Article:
Emily Epstein Leiderman has taught negotiation skills for the last two decades throughout the Americas, Asia, and Europe. She has conducted hundreds of trainings for a wide range of businesses and non‐profits, including Apple, Autodesk, Pinterest, Deloitte, KLM-Air France, Genentech, the California State Parks Foundation, the American Diabetes Association, Paul Hastings, Morrison Foerster, and Munger Tolles & Olson. In addition to teaching at Berkeley Law for nine years, she has served as associate faculty at Harvard Law School’s Program on Negotiation and adjunct faculty at the Georgetown University Law Center. Ms. Epstein earned her J.D. from the Georgetown University Law Center, and her recent amicus brief was cited by the Chief Justice of the United States Supreme Court.

Alonzo Emery is an educator, trainer, consultant and facilitator specializing in negotiation, influence, and conflict management. Through his consulting practice, he works with corporate executives, lawyers, and educators from around the world in developing highly customized negotiation and conflict management strategies. Alonzo has led projects and workshops for Hewlett Packard, the Asian Development Bank, the U.S. Department of Justice, the National Institutes of Health, the Natural Resources Defense Council, and JSW Law School in the Kingdom of Bhutan, among many others.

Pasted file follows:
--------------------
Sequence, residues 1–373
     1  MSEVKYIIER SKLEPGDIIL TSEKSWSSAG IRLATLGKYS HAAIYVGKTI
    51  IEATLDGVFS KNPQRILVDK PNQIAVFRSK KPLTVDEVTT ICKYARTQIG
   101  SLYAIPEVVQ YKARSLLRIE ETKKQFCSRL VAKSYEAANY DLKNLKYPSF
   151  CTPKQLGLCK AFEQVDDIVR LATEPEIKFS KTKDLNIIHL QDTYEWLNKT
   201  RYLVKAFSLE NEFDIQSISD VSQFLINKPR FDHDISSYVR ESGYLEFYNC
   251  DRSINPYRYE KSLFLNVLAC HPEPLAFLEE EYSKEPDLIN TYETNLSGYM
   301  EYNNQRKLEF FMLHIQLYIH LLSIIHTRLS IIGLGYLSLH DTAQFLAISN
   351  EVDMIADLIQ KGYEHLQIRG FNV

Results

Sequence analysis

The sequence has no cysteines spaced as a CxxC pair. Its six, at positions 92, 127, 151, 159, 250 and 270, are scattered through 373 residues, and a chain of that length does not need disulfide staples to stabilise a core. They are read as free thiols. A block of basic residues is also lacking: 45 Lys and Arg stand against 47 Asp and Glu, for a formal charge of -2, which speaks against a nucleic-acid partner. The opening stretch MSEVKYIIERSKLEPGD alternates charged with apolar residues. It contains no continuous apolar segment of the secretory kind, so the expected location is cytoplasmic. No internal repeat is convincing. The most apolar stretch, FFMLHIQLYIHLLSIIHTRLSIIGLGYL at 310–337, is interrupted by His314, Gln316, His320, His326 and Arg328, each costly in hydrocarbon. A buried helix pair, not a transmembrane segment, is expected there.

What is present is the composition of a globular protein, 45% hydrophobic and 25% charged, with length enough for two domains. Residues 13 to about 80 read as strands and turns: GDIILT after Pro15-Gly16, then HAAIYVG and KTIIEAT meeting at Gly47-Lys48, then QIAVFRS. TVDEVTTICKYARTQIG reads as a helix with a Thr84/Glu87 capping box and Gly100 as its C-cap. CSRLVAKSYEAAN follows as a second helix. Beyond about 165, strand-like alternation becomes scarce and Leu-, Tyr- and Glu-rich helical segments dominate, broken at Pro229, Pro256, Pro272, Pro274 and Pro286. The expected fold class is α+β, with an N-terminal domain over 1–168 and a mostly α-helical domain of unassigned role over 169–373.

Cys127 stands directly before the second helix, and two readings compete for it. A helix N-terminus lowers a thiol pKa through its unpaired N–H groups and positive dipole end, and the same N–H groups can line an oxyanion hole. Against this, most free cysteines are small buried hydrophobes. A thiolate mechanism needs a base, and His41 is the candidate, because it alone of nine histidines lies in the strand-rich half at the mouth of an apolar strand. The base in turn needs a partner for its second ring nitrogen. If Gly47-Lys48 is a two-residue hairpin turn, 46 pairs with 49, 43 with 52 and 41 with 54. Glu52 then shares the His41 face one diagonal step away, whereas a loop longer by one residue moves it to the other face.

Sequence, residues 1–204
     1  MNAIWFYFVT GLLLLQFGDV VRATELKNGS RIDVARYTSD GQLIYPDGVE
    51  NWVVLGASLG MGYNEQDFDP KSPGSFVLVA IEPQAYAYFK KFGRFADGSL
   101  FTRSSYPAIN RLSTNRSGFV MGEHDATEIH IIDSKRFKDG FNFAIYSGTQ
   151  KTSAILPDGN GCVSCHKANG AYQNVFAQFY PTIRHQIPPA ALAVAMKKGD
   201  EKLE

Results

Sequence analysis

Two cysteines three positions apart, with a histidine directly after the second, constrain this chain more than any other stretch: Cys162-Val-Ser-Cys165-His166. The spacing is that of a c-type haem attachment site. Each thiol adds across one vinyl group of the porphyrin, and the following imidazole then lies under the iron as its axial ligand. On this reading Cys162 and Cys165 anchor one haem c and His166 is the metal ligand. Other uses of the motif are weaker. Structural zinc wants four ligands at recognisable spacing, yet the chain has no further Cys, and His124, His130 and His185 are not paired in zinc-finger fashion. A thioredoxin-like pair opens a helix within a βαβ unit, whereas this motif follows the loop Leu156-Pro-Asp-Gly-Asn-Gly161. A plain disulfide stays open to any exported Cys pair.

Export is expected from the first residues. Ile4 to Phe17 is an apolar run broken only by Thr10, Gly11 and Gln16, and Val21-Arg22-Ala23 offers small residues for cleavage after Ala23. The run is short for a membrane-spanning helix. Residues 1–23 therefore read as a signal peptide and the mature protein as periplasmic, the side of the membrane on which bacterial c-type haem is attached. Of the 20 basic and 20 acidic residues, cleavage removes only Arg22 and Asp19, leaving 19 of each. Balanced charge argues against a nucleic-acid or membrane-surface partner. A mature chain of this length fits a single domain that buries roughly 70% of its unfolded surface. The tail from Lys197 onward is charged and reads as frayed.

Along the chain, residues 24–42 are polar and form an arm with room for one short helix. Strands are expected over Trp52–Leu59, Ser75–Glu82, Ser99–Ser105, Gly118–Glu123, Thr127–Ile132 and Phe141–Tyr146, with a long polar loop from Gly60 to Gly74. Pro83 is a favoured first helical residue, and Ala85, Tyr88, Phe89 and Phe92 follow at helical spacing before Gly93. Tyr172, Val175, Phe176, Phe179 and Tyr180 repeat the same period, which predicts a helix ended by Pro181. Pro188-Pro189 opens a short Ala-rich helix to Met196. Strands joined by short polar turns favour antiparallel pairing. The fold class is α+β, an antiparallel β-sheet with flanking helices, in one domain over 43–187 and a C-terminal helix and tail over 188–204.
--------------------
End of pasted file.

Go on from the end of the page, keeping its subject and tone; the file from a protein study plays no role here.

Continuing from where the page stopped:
Alonzo is also a Lecturer on Law and the Associate Director of East Asian Legal Studies at Harvard Law School. Prior to joining Harvard Law School, Alonzo was an Assistant Professor of Comparative Jurisprudence at Renmin University of China Law School in Beijing where he taught courses on negotiation as well as international and U.S. law.

Attendance at the first class is mandatory for all currently enrolled and waitlisted students; any currently enrolled or waitlisted students who are not present on the first day of class (without prior permission of the instructor) will be dropped. The instructor will continue to take attendance throughout the add/drop period and anyone who moves off the waitlist into the class must continue to attend in order not to be dropped.

Requirements Satisfaction:

Units from this class count towards the J.D. Experiential Requirement.

Exam Notes: (T) Course ends in a final practice trial, arguments, or other presentation (e.g. Powerpoint)
Course Category: Simulation Courses

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Required Books are in blue

  • Difficult Conversations: How to Discuss what Matters Most
    Douglas Stone, Sheila Heen, Bruce Patton
    Publisher: Penguin
    ISBN: 9780143118442
    e-Book Available: unknown
    Copyright Date: To Be Determined
    Price: To Be Determined
  • Getting to Yes
    William Ury & Roger Fisher
    ISBN: 9780140157352
    e-Book Available: unknown
    Copyright Date: To Be Determined
    Price: To Be Determined
  • Beyond Winning
    Robert H. Mnookin, Scott R. Peppet, Andrew S. Tulumello,
    Publisher: Belknap Press
    ISBN: 9780674012318
    e-Book Available: unknown
    Copyright Date: To Be Determined
    Price: 5.99
    Note: prices are sampled from internet bookstores. Law-school Bookstore prices are unavailable at this time.